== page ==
Myanmar's economic woes mount with plunging currency, fears grow for food supplies

In the months ahead, the kyat's depreciation may even affect Myanmar's food supply. PHOTO: NYEIN MOE AUNG
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BANGKOK - In Yangon's working class township of Hlaing Tharyar, Ms New Ni's husband used to support his family of three by ferrying passengers on his motorcycle. He had to stop this month, because spiralling fuel costs made it too expensive to run his taxi service. Plus, nobody wants rides anymore.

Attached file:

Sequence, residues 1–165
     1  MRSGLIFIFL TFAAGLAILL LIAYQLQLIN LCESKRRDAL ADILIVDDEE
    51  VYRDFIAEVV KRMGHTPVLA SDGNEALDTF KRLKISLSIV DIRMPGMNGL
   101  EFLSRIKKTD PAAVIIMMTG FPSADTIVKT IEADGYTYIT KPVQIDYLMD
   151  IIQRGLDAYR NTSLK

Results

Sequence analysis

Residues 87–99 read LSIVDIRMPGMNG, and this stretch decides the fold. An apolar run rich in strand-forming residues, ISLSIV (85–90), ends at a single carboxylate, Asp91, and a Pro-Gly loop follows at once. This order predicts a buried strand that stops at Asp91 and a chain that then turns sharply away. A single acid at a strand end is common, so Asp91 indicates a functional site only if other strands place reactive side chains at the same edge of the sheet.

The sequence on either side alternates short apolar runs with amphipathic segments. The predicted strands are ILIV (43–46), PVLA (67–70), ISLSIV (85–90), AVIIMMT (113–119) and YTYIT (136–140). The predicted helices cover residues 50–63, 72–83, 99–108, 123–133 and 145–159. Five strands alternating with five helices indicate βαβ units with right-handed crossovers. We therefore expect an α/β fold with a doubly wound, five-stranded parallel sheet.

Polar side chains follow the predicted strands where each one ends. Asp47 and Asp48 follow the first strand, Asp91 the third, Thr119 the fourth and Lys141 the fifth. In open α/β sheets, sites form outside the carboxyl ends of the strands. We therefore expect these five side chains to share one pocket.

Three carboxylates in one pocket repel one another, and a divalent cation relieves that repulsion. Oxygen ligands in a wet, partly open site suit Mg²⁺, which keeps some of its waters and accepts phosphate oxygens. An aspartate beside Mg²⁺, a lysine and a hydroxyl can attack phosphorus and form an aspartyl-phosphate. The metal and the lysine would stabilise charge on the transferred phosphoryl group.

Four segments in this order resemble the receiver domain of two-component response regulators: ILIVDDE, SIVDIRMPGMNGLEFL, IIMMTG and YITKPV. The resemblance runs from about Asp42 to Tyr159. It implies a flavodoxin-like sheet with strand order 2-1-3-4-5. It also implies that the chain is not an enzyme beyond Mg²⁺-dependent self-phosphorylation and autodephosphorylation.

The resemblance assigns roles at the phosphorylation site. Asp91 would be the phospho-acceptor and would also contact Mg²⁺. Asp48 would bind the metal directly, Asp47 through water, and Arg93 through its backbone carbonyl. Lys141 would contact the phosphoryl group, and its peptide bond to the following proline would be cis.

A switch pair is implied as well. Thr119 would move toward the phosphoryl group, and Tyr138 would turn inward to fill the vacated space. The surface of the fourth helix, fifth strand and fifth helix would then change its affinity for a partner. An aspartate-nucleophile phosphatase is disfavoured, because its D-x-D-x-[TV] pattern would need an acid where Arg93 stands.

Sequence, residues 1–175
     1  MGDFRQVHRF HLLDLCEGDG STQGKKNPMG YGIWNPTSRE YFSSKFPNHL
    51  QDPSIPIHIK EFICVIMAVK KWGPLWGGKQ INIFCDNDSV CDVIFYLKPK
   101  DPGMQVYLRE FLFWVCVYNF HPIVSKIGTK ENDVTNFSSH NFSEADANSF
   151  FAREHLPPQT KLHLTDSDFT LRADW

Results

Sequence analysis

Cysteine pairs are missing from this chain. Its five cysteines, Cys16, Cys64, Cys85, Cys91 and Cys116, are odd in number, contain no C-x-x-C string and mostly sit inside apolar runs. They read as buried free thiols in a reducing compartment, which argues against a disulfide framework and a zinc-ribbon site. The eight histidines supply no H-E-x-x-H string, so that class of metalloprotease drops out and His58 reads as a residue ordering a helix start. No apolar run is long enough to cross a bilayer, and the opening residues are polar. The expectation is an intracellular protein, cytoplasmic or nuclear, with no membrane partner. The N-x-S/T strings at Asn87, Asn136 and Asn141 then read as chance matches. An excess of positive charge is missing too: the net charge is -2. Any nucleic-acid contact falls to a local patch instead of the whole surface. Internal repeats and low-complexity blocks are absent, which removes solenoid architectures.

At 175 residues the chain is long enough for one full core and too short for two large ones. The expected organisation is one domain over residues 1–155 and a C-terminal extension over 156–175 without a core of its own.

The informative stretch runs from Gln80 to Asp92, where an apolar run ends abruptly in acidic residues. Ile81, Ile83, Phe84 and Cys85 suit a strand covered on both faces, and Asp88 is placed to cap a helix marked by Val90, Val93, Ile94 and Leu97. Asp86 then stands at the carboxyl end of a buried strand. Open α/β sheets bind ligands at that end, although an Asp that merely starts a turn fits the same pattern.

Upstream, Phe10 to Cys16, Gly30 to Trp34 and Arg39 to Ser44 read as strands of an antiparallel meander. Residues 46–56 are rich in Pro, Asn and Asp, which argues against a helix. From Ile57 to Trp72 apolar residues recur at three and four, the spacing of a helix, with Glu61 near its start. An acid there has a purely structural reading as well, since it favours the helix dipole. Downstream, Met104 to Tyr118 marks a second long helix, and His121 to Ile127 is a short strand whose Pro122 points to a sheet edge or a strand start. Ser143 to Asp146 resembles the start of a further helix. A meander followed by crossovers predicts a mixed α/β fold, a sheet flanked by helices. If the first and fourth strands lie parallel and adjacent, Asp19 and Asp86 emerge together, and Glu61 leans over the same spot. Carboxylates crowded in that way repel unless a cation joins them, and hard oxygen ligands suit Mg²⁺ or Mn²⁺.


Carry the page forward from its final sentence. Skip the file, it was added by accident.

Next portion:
"People don't take the motorcycle anymore. They walk to the market, or they walk from the bus stop to their home," the 32-year-old housewife told The Straits Times. There are months now that the couple cannot afford their rent of 60,000 kyat (S$42), but that is not their primary concern. "We can't afford much else except our daily meals," she said.

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